Your child’s feet are probably pretty low on that list. But if you notice flat feet, that’s not something to ignore.
What Are Flat Feet?
As the name suggests, flat feet (also called pronation, flexible flat foot, and pes planus) are pretty easy to spot. Normally, feet have an arch. But for kids with flat feet, most or all of their foot touches the floor.
Although this seems like a foot problem, it actually begin in the heel. Your child’s calcaneus (heel bone) rotates inward. This causes the foot to collapse inside where the arch should be. So instead of body weight being distributed evenly, your child is walking on the inside part of the foot.
There’s a simple way to check. Have your little one stand barefoot, facing away from you. Take a picture from directly behind. If you can see a pinky toe and big toe, his or her feet are likely fine. If you can see a pinky toe, ring toe, but not big toe, your child is likely pronating.
Although untreated flat feet can cause problems, they’re not always a cause for alarm. As toddlers learn to stand and walk, flat feet are common. Your child is still developing. But if he or she has been walking for more than six months and you still see flat feet, keep an eye on them. What you want to look for are signs of what’s called excessive pronation:
• Development delays
What Causes Flat Feet In Children?
There’s more than one possible reason. And a big indicator comes from where he or she falls on the muscle tone spectrum:
Low Muscle Tone
For kids with low tone, the culprit is ligament laxity. This simply means the ligaments (connective tissue) are too stretchy. This allows movement beyond the normal range of motion. The heel bone rotates in, which collapses the arch.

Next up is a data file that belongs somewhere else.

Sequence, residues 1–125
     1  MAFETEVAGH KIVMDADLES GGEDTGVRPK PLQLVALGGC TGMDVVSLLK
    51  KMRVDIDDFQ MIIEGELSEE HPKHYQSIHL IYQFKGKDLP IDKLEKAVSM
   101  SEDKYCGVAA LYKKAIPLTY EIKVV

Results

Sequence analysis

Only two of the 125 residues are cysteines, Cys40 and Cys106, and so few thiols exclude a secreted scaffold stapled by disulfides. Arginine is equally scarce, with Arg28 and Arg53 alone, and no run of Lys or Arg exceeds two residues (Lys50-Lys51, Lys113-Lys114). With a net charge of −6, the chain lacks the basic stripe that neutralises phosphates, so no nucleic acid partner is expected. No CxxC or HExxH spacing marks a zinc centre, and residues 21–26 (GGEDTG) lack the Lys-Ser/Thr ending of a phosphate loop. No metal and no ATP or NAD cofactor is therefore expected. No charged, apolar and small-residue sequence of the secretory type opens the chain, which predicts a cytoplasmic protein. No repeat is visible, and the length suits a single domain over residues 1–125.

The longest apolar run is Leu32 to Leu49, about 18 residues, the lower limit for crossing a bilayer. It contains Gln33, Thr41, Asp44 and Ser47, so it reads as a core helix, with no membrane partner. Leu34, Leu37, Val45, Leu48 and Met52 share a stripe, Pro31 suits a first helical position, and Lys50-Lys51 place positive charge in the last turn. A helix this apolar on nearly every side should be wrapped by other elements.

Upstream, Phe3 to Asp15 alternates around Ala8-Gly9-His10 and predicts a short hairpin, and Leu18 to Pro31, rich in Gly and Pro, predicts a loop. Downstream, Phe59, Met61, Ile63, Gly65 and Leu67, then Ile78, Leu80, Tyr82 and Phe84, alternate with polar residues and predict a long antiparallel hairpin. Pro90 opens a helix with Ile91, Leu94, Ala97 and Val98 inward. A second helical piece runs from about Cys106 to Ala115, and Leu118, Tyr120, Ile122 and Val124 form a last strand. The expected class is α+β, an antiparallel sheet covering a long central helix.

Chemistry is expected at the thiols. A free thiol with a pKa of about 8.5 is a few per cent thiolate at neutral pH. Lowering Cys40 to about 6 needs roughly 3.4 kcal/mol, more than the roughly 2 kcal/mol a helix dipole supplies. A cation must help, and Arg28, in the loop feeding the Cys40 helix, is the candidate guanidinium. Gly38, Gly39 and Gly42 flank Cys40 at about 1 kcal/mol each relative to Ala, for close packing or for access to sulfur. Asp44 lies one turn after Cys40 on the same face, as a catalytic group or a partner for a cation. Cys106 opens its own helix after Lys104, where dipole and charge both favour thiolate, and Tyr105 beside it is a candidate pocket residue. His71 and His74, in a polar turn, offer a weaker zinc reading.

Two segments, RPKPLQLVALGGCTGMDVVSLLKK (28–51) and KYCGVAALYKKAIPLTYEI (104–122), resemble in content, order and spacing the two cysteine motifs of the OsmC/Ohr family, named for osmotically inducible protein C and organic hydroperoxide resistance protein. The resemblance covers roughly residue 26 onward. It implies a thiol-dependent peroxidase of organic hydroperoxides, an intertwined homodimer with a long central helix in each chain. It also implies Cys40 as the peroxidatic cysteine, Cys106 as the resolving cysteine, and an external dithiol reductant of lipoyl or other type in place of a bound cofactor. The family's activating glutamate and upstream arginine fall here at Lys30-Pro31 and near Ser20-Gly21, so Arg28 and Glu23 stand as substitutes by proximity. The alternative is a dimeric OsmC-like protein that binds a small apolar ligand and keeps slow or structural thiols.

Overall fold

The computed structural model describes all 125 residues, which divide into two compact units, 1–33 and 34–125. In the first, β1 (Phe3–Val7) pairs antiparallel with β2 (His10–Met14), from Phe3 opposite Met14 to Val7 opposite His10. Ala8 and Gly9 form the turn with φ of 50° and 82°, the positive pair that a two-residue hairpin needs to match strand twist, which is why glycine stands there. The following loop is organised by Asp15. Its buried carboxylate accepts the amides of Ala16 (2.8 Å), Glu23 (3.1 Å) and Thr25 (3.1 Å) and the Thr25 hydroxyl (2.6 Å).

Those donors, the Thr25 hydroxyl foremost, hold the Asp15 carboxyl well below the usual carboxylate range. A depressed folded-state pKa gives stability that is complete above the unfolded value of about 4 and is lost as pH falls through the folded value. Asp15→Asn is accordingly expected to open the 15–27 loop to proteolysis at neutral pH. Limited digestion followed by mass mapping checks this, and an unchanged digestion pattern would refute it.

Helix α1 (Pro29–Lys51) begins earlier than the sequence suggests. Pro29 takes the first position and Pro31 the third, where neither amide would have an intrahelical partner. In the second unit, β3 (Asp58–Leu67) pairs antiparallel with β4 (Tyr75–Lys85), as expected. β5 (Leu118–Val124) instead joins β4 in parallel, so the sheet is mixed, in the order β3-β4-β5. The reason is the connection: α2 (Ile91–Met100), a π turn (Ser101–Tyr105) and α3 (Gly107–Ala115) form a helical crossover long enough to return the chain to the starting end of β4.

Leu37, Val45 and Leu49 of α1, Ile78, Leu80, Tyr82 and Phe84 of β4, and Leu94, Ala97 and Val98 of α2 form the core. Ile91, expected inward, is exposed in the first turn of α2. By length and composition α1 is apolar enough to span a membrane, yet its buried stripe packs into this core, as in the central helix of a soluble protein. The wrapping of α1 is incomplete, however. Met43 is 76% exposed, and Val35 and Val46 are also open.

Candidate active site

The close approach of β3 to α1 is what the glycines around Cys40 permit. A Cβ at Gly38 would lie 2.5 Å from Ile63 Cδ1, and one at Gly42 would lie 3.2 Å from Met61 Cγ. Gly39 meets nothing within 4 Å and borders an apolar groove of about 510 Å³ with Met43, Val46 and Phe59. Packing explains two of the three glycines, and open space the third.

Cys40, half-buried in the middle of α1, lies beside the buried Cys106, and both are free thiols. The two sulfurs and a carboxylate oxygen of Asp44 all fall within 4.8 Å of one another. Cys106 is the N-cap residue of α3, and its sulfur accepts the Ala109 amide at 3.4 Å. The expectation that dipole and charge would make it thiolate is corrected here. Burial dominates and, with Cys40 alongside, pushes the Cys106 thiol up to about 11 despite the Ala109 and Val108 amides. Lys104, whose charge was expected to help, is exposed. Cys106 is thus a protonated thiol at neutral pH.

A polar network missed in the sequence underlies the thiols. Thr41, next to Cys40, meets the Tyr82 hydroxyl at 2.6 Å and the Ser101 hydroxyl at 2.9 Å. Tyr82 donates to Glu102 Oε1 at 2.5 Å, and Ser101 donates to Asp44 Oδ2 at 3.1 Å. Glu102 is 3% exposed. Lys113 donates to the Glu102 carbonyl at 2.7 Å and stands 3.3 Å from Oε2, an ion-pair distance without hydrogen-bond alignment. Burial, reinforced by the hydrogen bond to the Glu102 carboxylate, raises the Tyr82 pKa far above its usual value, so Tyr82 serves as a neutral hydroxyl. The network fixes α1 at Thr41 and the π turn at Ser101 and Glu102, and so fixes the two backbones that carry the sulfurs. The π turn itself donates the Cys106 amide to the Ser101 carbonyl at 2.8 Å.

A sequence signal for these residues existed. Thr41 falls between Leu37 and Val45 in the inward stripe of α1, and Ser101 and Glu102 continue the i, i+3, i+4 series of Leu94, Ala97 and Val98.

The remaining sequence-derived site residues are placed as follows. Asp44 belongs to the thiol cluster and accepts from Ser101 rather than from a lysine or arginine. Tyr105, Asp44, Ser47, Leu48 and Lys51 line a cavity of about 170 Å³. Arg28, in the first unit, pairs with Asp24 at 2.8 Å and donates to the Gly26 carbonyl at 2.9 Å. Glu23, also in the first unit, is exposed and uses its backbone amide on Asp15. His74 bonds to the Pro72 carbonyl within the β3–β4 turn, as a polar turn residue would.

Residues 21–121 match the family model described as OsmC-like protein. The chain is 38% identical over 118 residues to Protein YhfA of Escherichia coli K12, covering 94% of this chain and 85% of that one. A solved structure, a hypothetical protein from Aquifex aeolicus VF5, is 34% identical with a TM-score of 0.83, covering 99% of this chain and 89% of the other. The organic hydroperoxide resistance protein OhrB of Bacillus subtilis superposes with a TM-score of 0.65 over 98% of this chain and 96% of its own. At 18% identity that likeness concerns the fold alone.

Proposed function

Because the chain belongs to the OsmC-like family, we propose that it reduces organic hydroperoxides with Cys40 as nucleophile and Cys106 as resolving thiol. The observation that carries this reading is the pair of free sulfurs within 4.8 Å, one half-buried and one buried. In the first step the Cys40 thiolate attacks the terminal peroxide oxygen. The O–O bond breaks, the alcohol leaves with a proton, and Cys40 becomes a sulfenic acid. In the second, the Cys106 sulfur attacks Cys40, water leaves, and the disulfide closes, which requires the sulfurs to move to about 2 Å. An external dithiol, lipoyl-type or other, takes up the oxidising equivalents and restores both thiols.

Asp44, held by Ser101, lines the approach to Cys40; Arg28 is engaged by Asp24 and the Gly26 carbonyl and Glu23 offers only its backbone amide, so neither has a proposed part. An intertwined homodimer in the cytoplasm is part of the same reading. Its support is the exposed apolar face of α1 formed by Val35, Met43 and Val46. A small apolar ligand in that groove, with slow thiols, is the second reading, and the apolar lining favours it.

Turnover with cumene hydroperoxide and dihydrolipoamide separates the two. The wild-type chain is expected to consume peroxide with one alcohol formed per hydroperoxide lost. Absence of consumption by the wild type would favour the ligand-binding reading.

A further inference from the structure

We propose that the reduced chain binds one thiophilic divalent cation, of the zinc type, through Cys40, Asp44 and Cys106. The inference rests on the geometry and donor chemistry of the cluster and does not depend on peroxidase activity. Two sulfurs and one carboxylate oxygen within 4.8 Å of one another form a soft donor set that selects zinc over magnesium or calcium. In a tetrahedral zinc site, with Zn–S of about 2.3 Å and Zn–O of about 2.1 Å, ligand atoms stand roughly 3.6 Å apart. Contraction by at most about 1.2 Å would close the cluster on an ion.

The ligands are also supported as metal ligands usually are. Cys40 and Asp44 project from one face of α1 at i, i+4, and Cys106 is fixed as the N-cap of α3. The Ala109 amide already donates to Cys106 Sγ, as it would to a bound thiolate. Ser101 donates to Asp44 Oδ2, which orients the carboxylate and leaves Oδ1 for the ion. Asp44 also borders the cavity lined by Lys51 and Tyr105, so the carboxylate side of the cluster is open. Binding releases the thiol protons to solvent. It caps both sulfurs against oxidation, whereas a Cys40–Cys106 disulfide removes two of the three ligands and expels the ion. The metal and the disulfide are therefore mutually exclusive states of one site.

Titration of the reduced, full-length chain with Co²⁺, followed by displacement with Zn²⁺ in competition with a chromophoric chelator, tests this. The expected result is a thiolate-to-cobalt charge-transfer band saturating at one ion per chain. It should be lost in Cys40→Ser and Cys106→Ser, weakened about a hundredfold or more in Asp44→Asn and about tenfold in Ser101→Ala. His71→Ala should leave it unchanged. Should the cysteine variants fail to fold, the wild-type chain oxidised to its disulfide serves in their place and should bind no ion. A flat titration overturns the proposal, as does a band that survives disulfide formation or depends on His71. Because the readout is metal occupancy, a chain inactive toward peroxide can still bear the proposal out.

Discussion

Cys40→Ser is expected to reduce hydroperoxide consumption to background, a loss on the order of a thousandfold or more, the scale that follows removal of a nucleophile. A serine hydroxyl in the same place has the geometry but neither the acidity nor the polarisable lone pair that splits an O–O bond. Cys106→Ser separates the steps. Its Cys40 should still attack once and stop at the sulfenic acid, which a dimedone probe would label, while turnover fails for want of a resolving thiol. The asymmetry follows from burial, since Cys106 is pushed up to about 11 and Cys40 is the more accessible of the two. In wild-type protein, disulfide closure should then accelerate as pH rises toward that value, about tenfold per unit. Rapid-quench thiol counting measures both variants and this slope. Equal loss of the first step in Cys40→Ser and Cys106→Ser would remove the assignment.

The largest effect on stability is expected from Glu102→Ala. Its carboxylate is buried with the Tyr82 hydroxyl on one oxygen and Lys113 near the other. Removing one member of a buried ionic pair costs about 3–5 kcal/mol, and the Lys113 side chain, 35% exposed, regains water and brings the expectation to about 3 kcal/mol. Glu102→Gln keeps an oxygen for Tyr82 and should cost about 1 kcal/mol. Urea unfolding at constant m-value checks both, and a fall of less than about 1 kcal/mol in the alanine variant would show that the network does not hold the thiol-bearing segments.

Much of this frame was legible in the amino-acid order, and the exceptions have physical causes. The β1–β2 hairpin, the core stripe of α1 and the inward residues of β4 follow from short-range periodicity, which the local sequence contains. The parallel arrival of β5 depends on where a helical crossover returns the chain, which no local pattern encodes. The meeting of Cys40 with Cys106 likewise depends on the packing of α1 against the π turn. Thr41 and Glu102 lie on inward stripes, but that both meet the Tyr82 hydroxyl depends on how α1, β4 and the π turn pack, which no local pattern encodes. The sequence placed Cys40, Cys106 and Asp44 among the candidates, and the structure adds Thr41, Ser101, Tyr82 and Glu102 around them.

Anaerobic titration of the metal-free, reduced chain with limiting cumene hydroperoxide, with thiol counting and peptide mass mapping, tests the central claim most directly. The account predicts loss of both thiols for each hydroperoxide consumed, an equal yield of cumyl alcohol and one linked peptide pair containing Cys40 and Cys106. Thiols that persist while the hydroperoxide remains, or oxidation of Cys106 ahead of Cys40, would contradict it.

High Muscle Tone
For kids with high tone, the Achilles tendon is too short, which pulls the foot inward.
What Problems Do Flat Feet Cause?
Although it may seem like just a foot problem, flat feet can cause a chain reaction up your child’s body that forces ankles, knees, and hips out of proper alignment. Other potential problems include:
• Joint pain
• Muscle exhaustion/weakness
• Improper walking pattern
• Possible toe walking
• Poor foot development
Flat feet in children can be especially problematic for those under seven years old. If your little one hasn’t reached that birthday yet, there’s a significant amount of cartilage in his or her feet. Similar to the soft spot on their head, it will eventually harden and become bone. But that means if your child isn’t walking correctly while those bones development, it can impact their shape and growth.
How Do You Fix Flat Feet In Children?
The child needs to temporarily decrease activities that bring pain as well as avoid prolonged walking or standing.
The foot and ankle surgeon can provide custom orthotic devices that fit inside the shoe to support the structure of the foot and improve function.
Stretching exercises, supervised by the foot and ankle surgeon or a physical therapist, provide relief in some cases of flatfoot.
Nonsteroidal anti-inflammatory drugs (NSAIDs), such as ibuprofen, may be recommended to help reduce pain and inflammation.
Shoe modifications. The foot and ankle surgeon will advise you on footwear characteristics that are important for the child with flatfoot.
What Should You Do?
Many people, doctors included, treat flat feet with a roll of the eyes. It’s not seen as a big deal. This often leads to a “wait and see” recommendation.
But trust your instincts. As a parent, you are your child’s greatest advocate. If you see developmental delays or if something just feels off, get the help your child needs.
Ask your paediatrician for a referral to a pediatric orthotist near you.